Hamlet uses the device of having some traveling players present a play to the court so that he can check for himself if Claudius is in fact guilty of having murdered Hamlet's father. Hamlet rewrites and adds a segment for the players. When they present the play to the court, Hamlet closely studies Claudius to see his reaction.
The short presentation involves a King and Queen who marry hastily after a murderer pours poison in the ear of the Queen's husband, the rightful king. Of course Claudius bolts from the room quite upset, and Hamlet and Horation know that they have caught the guilty mouse in their trap.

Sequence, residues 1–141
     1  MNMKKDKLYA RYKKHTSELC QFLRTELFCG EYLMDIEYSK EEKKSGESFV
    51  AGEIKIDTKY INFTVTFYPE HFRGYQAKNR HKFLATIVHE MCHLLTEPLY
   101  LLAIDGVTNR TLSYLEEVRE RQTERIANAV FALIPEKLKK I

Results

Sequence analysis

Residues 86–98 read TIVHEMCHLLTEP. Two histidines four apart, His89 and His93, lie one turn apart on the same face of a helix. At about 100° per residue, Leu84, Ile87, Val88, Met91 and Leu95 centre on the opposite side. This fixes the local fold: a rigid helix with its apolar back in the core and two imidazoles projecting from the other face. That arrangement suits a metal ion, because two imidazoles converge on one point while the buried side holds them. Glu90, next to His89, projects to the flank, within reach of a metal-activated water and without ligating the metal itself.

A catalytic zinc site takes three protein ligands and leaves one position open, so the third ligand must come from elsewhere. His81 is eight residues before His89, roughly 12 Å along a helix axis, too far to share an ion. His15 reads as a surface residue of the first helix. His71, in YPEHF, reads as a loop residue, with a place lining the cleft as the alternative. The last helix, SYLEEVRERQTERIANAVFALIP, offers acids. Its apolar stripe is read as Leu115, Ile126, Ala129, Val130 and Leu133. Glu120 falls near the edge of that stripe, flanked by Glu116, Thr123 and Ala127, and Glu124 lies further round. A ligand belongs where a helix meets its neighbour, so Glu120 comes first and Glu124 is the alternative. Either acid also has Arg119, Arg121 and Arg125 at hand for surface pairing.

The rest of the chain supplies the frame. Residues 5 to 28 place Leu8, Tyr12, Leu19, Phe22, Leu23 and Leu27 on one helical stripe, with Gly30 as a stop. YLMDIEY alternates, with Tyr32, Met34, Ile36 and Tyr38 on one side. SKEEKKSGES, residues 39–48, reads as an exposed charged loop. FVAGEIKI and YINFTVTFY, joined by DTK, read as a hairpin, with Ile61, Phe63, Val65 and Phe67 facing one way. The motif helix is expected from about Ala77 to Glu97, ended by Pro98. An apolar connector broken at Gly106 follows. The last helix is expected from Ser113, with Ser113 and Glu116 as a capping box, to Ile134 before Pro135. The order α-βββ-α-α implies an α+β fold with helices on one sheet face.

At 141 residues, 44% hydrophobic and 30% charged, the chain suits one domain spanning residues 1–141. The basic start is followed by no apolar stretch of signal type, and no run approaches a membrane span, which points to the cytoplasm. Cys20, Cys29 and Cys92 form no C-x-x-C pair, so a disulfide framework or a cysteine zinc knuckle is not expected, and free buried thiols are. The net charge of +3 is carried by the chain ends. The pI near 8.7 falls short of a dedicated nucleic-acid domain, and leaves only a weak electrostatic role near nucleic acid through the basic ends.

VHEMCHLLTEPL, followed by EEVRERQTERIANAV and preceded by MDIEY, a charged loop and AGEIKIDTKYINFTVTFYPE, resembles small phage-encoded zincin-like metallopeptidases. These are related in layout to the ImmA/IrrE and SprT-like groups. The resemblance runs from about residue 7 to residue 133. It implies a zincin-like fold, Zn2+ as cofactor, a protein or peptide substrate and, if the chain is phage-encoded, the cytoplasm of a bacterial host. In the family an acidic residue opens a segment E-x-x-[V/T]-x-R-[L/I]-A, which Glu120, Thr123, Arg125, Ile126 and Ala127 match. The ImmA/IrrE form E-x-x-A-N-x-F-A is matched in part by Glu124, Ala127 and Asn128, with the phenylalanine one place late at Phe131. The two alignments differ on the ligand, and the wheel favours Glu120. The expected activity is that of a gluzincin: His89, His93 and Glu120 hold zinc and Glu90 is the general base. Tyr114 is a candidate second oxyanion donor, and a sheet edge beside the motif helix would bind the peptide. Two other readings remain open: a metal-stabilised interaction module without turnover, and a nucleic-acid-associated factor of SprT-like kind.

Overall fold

It is extremely important to Hamlet to know for sure whether Claudius is in fact the murderer of his father before Hamlet takes his vengeance. Much of Hamlet's indecision has come because he is not 100% sure of the murderer's identity. He doesn't trust his own instincts and needs conclusive proof.
(This is similar to Dexter, if you watch Showtime. Dexter will only murder serial killers who he knows without doubt are guilty of their crimes and have escaped punishment by the law.)